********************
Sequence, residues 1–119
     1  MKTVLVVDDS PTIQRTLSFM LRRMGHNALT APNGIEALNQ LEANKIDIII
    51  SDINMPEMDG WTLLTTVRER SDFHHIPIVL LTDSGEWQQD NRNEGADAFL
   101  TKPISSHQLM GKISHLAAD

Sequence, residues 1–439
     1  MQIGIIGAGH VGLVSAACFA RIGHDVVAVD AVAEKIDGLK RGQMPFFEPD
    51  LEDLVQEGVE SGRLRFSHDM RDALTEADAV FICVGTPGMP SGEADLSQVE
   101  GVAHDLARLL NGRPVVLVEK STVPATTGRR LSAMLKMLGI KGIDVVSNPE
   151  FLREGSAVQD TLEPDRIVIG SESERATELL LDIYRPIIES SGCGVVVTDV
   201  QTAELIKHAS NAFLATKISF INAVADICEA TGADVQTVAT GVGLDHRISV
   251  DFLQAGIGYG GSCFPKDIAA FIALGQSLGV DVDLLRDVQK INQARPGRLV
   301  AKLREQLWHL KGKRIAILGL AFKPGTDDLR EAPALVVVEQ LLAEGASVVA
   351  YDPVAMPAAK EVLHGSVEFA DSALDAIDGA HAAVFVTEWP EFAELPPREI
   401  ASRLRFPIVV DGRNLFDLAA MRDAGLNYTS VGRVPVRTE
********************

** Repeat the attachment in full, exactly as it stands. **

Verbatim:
Sequence, residues 1–119
     1  MKTVLVVDDS PTIQRTLSFM LRRMGHNALT APNGIEALNQ LEANKIDIII
    51  SDINMPEMDG WTLLTTVRER SDFHHIPIVL LTDSGEWQQD NRNEGADAFL
   101  TKPISSHQLM GKISHLAAD

Sequence, residues 1–439
     1  MQIGIIGAGH VGLVSAACFA RIGHDVVAVD AVAEKIDGLK RGQMPFFEPD
    51  LEDLVQEGVE SGRLRFSHDM RDALTEADAV FICVGTPGMP SGEADLSQVE
   101  GVAHDLARLL NGRPVVLVEK STVPATTGRR LSAMLKMLGI KGIDVVSNPE
   151  FLREGSAVQD TLEPDRIVIG SESERATELL LDIYRPIIES SGCGVVVTDV
   201  QTAELIKHAS NAFLATKISF INAVADICEA TGADVQTVAT GVGLDHRISV
   251  DFLQAGIGYG GSCFPKDIAA FIALGQSLGV DVDLLRDVQK INQARPGRLV
   301  AKLREQLWHL KGKRIAILGL AFKPGTDDLR EAPALVVVEQ LLAEGASVVA
   351  YDPVAMPAAK EVLHGSVEFA DSALDAIDGA HAAVFVTEWP EFAELPPREI
   401  ASRLRFPIVV DGRNLFDLAA MRDAGLNYTS VGRVPVRTE